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Passado na Nigéria no tempo da guerra de Biafra, o romance de Adichie mistura a trama com o contexto histórico com maestria. Sem dúvida, uma grande escritora. É bom ler a história da Nigéria contada pelos nigerianos.
It was the blurb that first caught my attention. Then the fact that the story is on the Nigerian Civil war I was researching at the time made me go for this book. I am glad I did.
This story of the poor Ugwu leaving the life he had known in his home village to work as a house help in Enugu, where he got trapped in the world of educated and refined people whose worlds and past mirror the complexities of Nigeria before, during and after the civil. The writing makes understanding the civil war a lot easier, and gives an insight of the various ethnicities (Yoruba, Igbo, Hausa, Fulani), especially the major ones, whose squabbling and shortsightedness plunged the land into so much misery that it is yet to fully recover from.
The story spans four decades and tells a story of Nigeria that is exemplary. It comes with Disciples of Fortune, and Things Fall Apart as novels I enjoyed in 2014. Stories that provide an insight into African life in this manner win my heart deeply.
Assim como tudo que Chimamanda escreve, é maravilhoso. A obra conta a história da guerra pela independência da Nigéria a partir do ponto de vista de seus personagens principais, mas não é somente um livro sobre guerra, e sim sobre amor, esperança, caráter, resistência, e humanidade. Não poderia recomendar mais a leitura.
I loved this book, it's now firmly in my top 10 of all time. It's beautiful and visceral and funny and devastating. Adichie is seriously talented, it feels as if every word is just... perfectly chosen. I loved all the characters (especially Ugwu) and the way they all develop realistically over the course of the book. I've never been to Nigeria, but the setting and characters felt closer and more real to me than any book I've read set in wartime Europe, which is really impressive (to me as a European). It's also a perfect example of historical fiction - you come away with a nuanced understanding of a time and place you'll never experience in real life.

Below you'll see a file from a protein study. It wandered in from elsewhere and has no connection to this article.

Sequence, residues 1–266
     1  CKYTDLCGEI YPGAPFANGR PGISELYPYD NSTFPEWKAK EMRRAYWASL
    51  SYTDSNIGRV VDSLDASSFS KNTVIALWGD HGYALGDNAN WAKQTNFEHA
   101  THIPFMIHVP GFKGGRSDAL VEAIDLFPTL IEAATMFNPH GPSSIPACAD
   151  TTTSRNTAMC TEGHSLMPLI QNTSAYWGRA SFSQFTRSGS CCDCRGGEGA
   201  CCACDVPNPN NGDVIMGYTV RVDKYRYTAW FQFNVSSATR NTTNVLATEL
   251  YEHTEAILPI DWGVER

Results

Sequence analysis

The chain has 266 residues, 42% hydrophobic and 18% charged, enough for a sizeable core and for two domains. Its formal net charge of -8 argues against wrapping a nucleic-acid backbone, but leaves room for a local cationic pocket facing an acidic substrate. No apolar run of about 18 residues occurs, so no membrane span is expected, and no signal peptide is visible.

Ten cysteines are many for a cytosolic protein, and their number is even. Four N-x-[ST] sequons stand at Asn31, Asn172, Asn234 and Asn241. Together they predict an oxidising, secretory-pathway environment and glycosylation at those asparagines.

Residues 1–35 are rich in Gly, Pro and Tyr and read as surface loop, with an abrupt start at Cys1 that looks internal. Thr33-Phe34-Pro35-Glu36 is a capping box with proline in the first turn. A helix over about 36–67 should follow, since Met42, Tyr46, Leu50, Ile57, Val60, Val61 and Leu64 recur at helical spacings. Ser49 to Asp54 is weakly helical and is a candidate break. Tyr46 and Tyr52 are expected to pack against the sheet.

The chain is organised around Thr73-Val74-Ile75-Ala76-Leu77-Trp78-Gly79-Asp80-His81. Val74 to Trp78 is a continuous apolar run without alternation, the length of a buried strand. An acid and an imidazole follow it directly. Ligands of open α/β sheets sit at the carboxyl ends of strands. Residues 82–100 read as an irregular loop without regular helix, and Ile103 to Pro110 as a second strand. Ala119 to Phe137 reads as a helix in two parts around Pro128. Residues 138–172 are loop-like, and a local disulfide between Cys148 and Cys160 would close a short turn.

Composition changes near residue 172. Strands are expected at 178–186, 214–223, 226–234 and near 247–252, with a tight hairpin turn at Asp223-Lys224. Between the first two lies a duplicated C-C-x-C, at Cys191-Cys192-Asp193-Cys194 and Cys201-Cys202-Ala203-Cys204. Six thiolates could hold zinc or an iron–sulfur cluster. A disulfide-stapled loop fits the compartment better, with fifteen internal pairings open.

I'm so conflicted about this book which I desperately wanted to love: it's an important story and one that, as Adichie herself says, needs to be told by an African writer - but my feeling is that the story of Biafra is too huge to be contained within a 400pp. 'popular' novel that also wants to tell personal stories of two couples, fraught family relationships, the education of a 'house-boy'...
There are times when this got too soapy for my tastes and the result is a kind of historically-lite tale that presses an awful lot of standard fictional buttons.
I guess I wanted more in-depth politics: the lead up to the secession of Biafra is quite powerfully done - but then suddenly it just exists and is at war and things get vague - we learn, for example, that there are Biafran car number-plates, a separate currency but no sense of any of these markers of a new state being established. And I wanted to understand more about the role of oil which, we learn, Biafra is still extracting and refining under the bombing of the Nigerian forces. Even the famous famine doesn't feel as visceral as it should as there's so much else going on - not least the enforced conscription of a main character at about 80% into the book.
Even Adichie's writing style seems to become more panoramic: at the start, it's vivid and immediate with very little exposition, and character being expressed via what people do and say. As the story proceeds, it becomes a bit more 'told' - though I like the fact that there is no omniscient narrator and we have a sense of contingency and reaction.
Overall, this is undoubtedly both ambitious and also a personally important topic for Adichie herself - I liked it but just didn't love it as much as I wanted.
This collection of intertwined experiences is a poignant display of the realities of war from many sides. It captures the imagination, questions everything from gender to ethnicity to colonialism and stares courageously and fearlessly in the face of the West. I love the staunch, relentless counter to the western influence in Africa on every page, in every quote or thought or character's presence. I feel incredibly privileged and humbled to have been able to read this.
I read Half a Yellow Sun to gain a better understanding Africa’s issues. My knowledge of the Biafran famine and preceding war came from childhood awareness, then came Feed the World and Ethiopia in my teens. This powerful and wonderfully written story gave me greater and sympathetic awareness of the horrors. Though I know you cannot read one fictional account about such a traumatic subject and say you’ve a full and rounded understanding. No matter how engrossing. I gave it four stars instead of five, because as a piece of fiction it left me low, then again it's a hard subject.
I came across this novel by accident in a review and read it partly because I knew little of the detail of Biafra despite it often being in the news along with Vietnam during my teenage years. I enjoyed the characters immensely and found them alive and believable which gave me concern for them and engagement in their lives and fate. Sadly the human factors that create war are still there... our fear of the "other", our jealousy and passion, our ignorance and prejudice and our violent reactions to all of these. An interesting book in these times of worldwide political change and insecurity...